Janice Heiss Interviews Adam Bien about JavaFX
Adam Bien is well-known for his Java EE expertise -- but, that doesn't mean he refrains from exploring technologies that are emerging in other tiers within the Java world. This is proven by his just-published interview with SDN technology writer Janice Heiss, "Java Champion Adam Bien on JavaFX". We're featuring the interview as this week's java.net Spotlight.
Janice starts the interview by asking Adam if he agrees with Josh Marinacci's statements about the most important features of JavaFX:
Josh Marinacci lists the five most important features of JavaFX 1.2 as: Linux and Solaris support; UI controls and layout; easy-to-use chart types; new support in JavaFX common profile in the form of better persistence, RSS and Atom data feeds, and easier task implementation; and finally, better speed regarding memory usage, startup time and graphics performance. Do you agree? How do these improvements enhance possible uses of JavaFX?
Good UI controls and layout are the key to success. JavaFX was very strong from the beginning in effects and graphics. It was, however, initially lacking in good, "skinnable" components, but this was fixed with version 1.2. JavaFX requires writing less code while it integrates very well with existing business logic written in Java. A reason to go the JavaFX route is better maintainability, and faster development with less code.
I found this description from Adam on memory domain within which JavaFX runs interesting:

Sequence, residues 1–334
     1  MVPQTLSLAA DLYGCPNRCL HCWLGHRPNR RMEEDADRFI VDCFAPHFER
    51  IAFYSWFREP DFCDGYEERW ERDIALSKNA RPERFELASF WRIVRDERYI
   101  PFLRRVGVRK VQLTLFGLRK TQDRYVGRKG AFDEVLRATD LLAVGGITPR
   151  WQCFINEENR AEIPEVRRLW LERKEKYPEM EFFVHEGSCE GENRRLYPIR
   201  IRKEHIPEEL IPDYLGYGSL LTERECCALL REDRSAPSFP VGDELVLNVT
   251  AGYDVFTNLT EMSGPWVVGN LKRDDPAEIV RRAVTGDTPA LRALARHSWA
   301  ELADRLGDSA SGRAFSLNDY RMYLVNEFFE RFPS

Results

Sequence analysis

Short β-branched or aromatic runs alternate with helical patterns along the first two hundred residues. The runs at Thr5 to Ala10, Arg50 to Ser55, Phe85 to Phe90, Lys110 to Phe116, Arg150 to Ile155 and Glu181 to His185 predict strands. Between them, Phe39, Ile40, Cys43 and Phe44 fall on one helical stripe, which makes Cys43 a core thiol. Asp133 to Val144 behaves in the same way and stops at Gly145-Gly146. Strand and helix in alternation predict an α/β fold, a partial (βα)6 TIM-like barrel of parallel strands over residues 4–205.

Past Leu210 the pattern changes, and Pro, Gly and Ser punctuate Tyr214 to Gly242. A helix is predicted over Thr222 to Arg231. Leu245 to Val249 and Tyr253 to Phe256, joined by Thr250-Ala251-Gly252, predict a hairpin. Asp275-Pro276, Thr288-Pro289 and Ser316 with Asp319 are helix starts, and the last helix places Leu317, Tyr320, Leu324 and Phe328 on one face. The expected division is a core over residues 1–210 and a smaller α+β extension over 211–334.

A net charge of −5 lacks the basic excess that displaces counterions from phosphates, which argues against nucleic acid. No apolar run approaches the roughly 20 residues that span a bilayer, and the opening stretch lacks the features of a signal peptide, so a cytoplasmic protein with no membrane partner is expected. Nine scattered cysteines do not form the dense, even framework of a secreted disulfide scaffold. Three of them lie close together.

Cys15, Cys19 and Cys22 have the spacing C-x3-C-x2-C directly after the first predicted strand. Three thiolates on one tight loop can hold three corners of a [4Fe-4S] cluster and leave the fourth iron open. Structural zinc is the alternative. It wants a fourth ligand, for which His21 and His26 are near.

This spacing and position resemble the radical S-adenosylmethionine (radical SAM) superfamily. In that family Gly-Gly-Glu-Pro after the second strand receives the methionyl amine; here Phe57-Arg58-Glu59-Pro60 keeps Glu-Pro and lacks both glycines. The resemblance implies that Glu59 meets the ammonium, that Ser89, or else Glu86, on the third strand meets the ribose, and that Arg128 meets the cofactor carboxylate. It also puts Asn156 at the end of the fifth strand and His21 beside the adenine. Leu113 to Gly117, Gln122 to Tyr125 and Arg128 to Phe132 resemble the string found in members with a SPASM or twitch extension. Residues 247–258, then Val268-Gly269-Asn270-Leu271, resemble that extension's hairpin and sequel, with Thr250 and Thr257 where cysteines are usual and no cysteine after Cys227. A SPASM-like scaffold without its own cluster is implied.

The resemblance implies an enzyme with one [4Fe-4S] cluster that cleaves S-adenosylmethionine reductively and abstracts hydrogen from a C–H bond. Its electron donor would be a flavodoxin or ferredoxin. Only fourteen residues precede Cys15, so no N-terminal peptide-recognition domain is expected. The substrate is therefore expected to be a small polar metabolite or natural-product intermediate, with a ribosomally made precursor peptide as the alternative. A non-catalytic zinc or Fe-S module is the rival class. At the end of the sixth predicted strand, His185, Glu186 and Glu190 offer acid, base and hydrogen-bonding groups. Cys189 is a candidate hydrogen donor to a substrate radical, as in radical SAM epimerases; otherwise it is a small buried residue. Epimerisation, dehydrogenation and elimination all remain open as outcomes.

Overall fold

JavaFX runs on top of a JVM and shares the address space with ordinary Java objects. POJOs can be directly accessed "per reference". You could, for example, implement in Java, JPA 2.0 and Derby DB the access to local persistence. The JPA entities can be easily accessed and manipulated by the JavaFX UI. There is no latency penalty in such a configuration -- the JavaFX UI has in-memory access to rich domain objects. Validation messages and state change are immediately visible in the UI. JavaFX eliminates lines and lines of boilerplate code, which, in turn, makes complex applications easier to maintain.
The interview continues with coverage of:
- JavaFX scene graphs
- opportunities for applying JavaFX in desktop, browser, and mobile applications
- the JavaFX Production Suite Authoring Tool
- Superfluous GoF patterns (with code examples)
It's always interesting hearing Adam Bien's insights on what's happening in the world of Java and technology in general. I didn't expect, though, to find him thoroughly investigating JavaFX. If you're interested in Adam's views on JavaFX, see the complete interview over on the SDN site.
Enough of being maudlin, it's time to look forward to being a unified company: Sun + Oracle = Snorcle?
Kirill Grouchnikov talks about Custom component states in Substance 6.0:
Today i’m going to talk about the last big change that went into the next release of Substance look-and-feel – enhanced support for component states. What is a component state? Let’s take a look at buttons – the most basic building blocks on any UI toolkit. Buttons usually have icons and texts so that the users know what will happen when they click them. In addition, modern UI toolkits provide rich texturing capabilities that allow skinning different parts of the button visuals – such as background, border and focus ring...
Oracle has announced an Oracle + Sun Strategy Update Webcast this Wednesday, from 9 AM to 2 PM U.S. Pacific Time:
Find out how Oracle + Sun goes beyond your expectations to:
- Offer a broad range of products including servers, storage, networking, and software
- Integrate all the components–hardware, operating system, database, middleware, and applications–for unmatched performance, reliability, and security